MANILA, Philippines – The 2016 national election is just around the corner, but in 3 areas, voters may troop to polling precincts much earlier, if recall elections get scheduled.
Proceedings are ongoing in 3 local government units (LGUs), each in different stages of the recall process. If any of the recall petitions prosper, it would lead to a special election that may see the removal of local elected officials from office barely a year before the regular polls.
The verification of 35,731 signatures in the recall petition against Puerto Princesa Mayor Lucilo Bayron has been completed, Commission on Elections (Comelec) Region IV Director Juanito Icaro told Rappler on Wednesday, March 25.
However, pending before the Comelec en banc in Manila is an appeal by Bayron concerning the Puerto Princesa City election officer’s report on the verification process.
Bayron earlier protested what he considered the “railroading” of the “bogus” recall petition. He disrupted the verification of signatures on February 28 by tearing up a copy of an order extending the proceedings by several hours to wrap up the verification.
In the province of Bulacan, the validation of signatures in the petition to recall Governor Wilhelmino Sy-Alvarado is underway.
A staff in the office of acting Bulacan provincial election supervisor Temie Lambino told Rappler that the local Comelec offices in the province are in the middle of checking more than 300,000 signatures. They have 15 days to finish it.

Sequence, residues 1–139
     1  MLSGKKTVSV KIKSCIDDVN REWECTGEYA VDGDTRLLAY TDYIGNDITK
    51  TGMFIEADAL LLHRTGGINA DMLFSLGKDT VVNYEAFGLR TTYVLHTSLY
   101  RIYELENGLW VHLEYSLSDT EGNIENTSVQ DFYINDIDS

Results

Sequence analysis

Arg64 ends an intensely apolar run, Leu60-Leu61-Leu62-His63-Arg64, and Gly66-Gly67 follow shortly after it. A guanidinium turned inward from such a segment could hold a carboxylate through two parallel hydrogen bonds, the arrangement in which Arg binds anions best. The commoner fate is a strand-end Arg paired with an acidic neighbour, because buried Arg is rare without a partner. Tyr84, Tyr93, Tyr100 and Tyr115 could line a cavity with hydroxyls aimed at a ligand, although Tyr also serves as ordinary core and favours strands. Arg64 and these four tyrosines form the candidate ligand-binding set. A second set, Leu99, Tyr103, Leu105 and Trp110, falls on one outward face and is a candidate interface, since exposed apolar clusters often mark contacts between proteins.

The recall proceedings hit a snag in early March when Alvarado sought to stop it, claiming his right to due process was violated after lapses in the recall procedures were observed, reported GMA News.
A Bulacan regional trial court issued a temporary restraining order on the proceedings, but later lifted it on March 20. It dismissed Alvarado’s plea to halt the proceedings.
Another recall petition is being processed in Bulacan, this time in Baliuag town, against Mayor Carolina Dellosa.
The Comelec has allowed the posting and publication of copies of the petition, said lawyer Genevieve Guevarra of the Comelec Office of the Deputy Executive Director for Operations.
There might be not much time left to schedule a recall election, however. The Comelec has only until May 8 – a little over a month – to do so. The Local Government Code prohibits the conduct of any recall election within a year before a regular election and within a year from the date of the local officials’ assumption of office. The next regular election will be on May 9, 2016.
The power to recall a local elective official due to loss of confidence can be exercised by registered voters of the LGU where the official serves. Any provincial, city, municipal, or barangay official may be recalled.
In early 2014, the Comelec temporarily suspended all recall proceedings, citing lack of funds. The poll body only resumed taking up 5 pending recall petitions in November, around the same time the Supreme Court ordered the poll body to carry out the Puerto Princesa recall elections.
Since then, two recall petitions have been declared insufficient by the Comelec.
Guevarra said that in December 2014, the Comelec, through Minute Resolution Number 14-0865, dismissed the recall petition against Mayor Marnelli Robles of Bulan, Sorsogon.
The Comelec en banc ruled that the petitioners submitted a defective certification of Bulan’s voting population. In addition, the requirements in the signature sheets – like names, addresses, and signatures of the petition’s supporters – “have not been properly and strictly complied with.”
The petition to recall Cagayan de Oro City Mayor Oscar Moreno was also junked by the Comelec in February for lacking one important requirement.
The petition reportedly did not have “a brief narration of the reasons and justifications for the filing of the petition” in every page of the signature sheets, as required in Comelec Resolution Number 7505, reported SunStar Cagayan de Oro. – Rappler.com
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